Powersource Native American Guide - TEXAS
A little over an hour out of Austin, Texas, stands the quaint little town of Fredericksburg, known for its rich Germanic history. A few miles from town, on the road to Llano, almost hidden from the casual traveler is a very unusual pass with the legendary, Enchanted Rock. There among the Texas mesquite trees, next to a winding, pebbled lined stream, rises a mammoth rock. Local historian, Ira Kennedy publisher of "The Enchanted Rock" magazine recounts the stories gathered from different tribes who came to the sacred place to offer prayers and offerings to the Great Spirit. One legend tells of an Indian Chief who called all the members of his tribe to the rock in hopes of reuniting his people who had split into factions as a result of a disagreement among the warriors. As the circle fires burned below, the Chief's daughter climbed to the top of the rock. It is believed that she was pushed from the rock, and fell to her death. Many have reported seeing unexplained council fires at night at the rock. Many report that the rock seems to "groan" in the darkness.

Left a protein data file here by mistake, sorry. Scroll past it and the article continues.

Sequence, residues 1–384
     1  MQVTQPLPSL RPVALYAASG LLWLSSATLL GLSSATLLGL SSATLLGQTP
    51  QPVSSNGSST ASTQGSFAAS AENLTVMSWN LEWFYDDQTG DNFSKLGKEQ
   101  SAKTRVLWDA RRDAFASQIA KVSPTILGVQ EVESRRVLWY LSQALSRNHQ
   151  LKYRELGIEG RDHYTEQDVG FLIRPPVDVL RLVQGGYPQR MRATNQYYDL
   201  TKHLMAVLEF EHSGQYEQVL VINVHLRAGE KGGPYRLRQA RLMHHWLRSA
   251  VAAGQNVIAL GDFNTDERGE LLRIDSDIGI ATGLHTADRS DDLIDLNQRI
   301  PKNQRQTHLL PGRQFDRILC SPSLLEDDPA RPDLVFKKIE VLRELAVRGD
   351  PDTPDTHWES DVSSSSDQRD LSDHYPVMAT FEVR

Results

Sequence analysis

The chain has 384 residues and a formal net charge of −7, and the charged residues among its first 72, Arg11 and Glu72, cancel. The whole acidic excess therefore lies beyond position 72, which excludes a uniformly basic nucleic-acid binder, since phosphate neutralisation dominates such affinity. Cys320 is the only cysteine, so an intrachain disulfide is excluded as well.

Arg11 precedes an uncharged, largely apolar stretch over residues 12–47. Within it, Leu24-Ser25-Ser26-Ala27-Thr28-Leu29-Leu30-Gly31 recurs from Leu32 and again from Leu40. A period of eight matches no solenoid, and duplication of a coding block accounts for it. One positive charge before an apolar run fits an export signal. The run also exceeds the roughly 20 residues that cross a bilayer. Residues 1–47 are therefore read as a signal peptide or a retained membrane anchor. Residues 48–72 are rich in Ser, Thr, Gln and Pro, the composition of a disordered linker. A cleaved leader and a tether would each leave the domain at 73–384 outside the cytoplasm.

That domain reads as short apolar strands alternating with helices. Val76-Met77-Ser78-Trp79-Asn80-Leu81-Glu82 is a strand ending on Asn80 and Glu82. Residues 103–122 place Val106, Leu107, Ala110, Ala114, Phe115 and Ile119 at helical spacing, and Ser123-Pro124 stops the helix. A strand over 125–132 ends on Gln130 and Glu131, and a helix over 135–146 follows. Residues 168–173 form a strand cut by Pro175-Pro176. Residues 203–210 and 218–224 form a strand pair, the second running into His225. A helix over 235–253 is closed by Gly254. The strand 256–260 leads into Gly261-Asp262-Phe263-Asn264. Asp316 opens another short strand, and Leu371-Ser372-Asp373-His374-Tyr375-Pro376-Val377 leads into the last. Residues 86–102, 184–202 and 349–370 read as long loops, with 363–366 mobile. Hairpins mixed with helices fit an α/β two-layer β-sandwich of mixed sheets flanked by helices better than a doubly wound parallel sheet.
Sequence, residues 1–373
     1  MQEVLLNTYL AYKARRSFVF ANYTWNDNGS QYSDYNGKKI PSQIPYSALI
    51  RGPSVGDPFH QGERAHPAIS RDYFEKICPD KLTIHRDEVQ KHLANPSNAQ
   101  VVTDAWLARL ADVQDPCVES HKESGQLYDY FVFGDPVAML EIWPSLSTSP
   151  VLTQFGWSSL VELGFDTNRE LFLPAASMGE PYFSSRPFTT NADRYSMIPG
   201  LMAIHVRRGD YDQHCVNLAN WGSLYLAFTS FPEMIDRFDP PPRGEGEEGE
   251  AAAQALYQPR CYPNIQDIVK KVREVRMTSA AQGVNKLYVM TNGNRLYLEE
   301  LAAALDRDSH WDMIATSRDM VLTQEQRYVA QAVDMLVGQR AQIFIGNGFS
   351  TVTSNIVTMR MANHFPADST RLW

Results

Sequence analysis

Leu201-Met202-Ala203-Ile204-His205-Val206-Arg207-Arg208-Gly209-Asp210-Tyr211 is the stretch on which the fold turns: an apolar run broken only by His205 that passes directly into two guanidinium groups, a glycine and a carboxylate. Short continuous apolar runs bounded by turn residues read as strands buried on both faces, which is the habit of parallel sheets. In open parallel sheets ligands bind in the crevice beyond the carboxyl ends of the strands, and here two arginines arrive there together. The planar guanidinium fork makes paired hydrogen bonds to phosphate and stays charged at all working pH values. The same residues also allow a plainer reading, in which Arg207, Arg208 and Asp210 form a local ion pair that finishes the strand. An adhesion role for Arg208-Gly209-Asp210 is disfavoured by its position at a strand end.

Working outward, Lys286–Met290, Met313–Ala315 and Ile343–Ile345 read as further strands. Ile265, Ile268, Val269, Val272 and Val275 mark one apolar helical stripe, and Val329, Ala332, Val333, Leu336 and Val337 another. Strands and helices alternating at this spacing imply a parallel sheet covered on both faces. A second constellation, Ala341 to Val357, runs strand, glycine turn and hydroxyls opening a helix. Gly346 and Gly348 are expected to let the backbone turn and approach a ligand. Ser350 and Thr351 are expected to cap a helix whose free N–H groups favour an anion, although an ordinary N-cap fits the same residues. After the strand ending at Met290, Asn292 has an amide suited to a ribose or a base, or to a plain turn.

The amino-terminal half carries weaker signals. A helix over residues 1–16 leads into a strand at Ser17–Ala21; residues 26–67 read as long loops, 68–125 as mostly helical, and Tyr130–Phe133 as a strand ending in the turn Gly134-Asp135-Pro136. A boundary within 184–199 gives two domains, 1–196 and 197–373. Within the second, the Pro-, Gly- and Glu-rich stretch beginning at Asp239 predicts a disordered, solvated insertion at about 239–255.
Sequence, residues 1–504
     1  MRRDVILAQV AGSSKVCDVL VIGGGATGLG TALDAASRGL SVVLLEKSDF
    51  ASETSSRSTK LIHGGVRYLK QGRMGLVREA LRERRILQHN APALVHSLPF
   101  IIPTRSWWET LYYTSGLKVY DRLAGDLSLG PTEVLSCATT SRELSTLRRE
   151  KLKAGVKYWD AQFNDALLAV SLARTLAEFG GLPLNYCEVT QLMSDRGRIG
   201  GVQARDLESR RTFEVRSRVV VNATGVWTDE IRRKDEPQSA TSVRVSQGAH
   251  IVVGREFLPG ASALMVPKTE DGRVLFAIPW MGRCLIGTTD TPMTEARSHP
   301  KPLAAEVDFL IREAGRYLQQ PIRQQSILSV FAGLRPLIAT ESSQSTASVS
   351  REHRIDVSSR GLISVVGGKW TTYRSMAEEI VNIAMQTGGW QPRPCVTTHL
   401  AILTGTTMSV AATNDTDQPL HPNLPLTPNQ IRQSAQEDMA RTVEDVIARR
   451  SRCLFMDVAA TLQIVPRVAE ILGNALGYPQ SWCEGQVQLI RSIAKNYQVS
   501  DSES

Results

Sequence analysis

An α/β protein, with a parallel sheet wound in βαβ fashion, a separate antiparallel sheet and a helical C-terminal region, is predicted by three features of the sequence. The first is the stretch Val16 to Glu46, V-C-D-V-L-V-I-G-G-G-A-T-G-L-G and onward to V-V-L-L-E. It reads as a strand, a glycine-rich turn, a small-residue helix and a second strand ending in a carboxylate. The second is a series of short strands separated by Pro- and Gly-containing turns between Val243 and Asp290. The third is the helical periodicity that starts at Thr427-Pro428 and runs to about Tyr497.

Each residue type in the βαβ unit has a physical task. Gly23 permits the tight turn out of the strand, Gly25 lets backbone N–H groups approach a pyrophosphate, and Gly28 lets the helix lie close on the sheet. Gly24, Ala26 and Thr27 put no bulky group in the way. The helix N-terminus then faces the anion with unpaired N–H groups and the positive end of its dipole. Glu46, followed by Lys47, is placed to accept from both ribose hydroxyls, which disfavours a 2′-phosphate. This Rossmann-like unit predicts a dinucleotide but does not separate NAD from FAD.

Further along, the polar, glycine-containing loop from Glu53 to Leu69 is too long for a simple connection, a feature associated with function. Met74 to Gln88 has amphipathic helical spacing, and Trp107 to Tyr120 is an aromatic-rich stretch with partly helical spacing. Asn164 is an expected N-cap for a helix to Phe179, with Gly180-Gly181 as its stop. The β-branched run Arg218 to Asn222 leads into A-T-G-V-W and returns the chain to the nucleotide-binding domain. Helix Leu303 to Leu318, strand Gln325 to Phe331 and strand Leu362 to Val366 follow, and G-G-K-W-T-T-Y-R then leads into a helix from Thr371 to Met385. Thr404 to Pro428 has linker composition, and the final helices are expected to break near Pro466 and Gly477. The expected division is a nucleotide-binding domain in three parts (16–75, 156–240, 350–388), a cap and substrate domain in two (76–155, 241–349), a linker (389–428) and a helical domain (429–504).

In the Native American tradition as well as in many other aboriginal cultures, the "rock people" are considered the wisdom keepers. Chief Standing Bear, a Lakota Plains Indian, explains in his book, "Land of the Spotted Eagle." "The old people came to love the soil, and they sat and reclined on the ground with a feeling of being close to a mothering power. It was good for the skin to touch the earth, and the old people liked to remove their moccasins and walk with their bare feet on the sacred earth. Their tipis were built on the earth, and their altars were made of earth. The birds that flew in the air came to rest upon the earth, and it was the final resting place of all things that lived and grew. For him, to sit or lie upon the ground is to be able to think more deeply into the mysteries of life. He knew that man's heart away from nature became hard; he knew that a lack of respect of living things soon led to a lack of respect for humans too."
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